NATIONAL BUREAU OF ECONOMIC RESEARCH
NATIONAL BUREAU OF ECONOMIC RESEARCH
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Andreas J. Beerli

KOF Swiss Economic Institute
ETH Zurich
Leonhardstrasse 21
CH-8092 Zurich
Switzerland
Tel: +41 44 633 82 35

E-Mail: beerli@kof.ethz.ch
Institutional Affiliation: ETH Zurich

NBER Working Papers and Publications

November 2018The Abolition of Immigration Restrictions and the Performance of Firms and Workers: Evidence from Switzerland
with Jan Ruffner, Michael Siegenthaler, Giovanni Peri: w25302
We study a reform that granted European cross-border workers free access to the Swiss labor market. Our Differences-in-Differences estimations leverage the fact that regions close to the border were affected more intensely and earlier. The greater availability of cross-border workers increased their employment but also wages and possibly employment of highly educated native workers although the new cross-border workers were also highly educated. The reason is a simultaneous increase in labor demand in skill-intensive firms: the reform increased the size, productivity, innovation performance of some incumbent firms, attracted new firms, and created opportunities for natives to pursue managerial jobs.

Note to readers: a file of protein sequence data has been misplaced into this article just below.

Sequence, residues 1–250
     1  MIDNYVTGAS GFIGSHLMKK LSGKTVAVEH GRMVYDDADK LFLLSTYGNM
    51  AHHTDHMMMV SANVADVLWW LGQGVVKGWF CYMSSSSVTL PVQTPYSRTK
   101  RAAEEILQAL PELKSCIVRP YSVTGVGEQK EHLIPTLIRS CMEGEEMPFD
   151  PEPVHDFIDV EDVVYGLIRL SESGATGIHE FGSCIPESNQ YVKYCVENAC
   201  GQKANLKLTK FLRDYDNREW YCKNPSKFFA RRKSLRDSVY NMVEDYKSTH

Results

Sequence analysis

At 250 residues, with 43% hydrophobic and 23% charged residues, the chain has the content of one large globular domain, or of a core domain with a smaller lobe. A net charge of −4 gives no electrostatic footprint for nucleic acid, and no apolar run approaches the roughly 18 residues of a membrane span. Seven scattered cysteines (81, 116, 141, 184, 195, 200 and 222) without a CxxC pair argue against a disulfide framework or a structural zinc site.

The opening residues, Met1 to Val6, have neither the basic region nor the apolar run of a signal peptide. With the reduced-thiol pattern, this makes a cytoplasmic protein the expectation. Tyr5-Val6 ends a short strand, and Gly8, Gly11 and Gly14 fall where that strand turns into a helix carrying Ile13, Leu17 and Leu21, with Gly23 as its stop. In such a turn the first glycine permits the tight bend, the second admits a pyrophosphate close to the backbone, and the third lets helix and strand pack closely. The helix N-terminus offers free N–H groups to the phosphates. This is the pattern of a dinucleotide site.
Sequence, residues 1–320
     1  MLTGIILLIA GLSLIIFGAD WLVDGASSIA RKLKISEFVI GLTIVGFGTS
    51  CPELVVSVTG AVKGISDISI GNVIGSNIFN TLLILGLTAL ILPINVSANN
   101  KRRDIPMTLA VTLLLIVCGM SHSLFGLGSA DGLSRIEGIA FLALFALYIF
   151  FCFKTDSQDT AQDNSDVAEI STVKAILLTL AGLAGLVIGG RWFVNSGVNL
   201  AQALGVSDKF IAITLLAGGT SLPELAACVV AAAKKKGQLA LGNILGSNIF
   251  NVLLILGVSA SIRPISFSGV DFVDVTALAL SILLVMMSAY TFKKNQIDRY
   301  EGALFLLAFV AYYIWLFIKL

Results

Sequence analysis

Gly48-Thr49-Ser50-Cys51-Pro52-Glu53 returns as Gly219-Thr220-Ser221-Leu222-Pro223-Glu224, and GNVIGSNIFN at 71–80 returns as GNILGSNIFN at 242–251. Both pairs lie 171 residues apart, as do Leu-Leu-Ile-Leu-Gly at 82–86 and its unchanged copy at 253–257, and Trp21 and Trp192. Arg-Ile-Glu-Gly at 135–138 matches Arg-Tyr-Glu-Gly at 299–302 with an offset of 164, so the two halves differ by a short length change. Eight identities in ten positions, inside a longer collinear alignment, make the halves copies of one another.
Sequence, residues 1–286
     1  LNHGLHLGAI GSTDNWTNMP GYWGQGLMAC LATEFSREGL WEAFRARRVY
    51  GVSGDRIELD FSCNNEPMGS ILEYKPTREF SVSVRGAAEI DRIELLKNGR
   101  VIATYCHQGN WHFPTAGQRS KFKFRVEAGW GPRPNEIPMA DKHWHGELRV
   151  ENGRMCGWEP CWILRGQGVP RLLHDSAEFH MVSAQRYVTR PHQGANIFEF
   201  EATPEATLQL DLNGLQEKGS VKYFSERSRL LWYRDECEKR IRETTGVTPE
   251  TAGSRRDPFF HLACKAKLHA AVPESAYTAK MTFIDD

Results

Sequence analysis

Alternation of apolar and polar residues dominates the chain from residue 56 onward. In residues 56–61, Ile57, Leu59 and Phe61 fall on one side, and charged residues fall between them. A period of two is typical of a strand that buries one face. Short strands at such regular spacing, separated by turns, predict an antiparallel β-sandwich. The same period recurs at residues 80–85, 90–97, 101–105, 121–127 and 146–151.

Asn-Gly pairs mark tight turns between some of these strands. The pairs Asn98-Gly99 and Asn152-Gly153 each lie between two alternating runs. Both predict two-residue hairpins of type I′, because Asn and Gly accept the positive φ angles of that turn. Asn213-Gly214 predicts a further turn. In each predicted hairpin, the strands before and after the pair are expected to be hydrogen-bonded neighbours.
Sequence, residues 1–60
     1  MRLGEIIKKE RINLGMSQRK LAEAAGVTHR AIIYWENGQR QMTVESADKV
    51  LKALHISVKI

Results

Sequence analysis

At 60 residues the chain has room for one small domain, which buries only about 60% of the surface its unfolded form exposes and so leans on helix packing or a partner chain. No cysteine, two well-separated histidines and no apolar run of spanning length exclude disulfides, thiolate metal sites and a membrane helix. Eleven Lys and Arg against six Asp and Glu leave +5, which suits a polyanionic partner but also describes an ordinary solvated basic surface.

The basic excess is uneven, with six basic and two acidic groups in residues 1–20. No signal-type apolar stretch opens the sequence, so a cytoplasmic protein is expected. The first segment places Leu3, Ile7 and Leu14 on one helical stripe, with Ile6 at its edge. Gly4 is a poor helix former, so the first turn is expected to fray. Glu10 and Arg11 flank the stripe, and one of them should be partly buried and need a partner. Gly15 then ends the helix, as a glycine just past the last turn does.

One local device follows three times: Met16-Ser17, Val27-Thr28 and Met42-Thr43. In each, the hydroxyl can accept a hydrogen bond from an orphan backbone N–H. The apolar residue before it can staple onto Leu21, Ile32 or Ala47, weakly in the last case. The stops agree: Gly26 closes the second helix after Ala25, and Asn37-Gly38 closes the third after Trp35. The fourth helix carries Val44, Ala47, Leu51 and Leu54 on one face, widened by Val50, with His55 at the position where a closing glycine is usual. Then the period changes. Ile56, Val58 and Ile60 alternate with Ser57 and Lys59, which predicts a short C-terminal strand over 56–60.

July 2015The Labor Market Effects of Opening the Border: Evidence from Switzerland
with Giovanni Peri: w21319
Between 1999 and 2004 Switzerland opened its border region (BR) to cross-border workers (CBW), who are foreign residents commuting to Switzerland for work. In this paper, we exploit the timing of implementation and the fact that CBW commute almost exclusively to municipalities close to the border to estimate the effect of this policy on foreign labor supply and on native labor market outcomes, using a difference-in-difference approach. We find that opening the border to CBW increased their employment within 20 minutes of commuting time from the border by four to five percentage points. The increased inflow was constituted of highly-educated workers and it was associated with an increase in wages for highly-educated Swiss workers. Native highly-educated workers became more likely to fill to...
 
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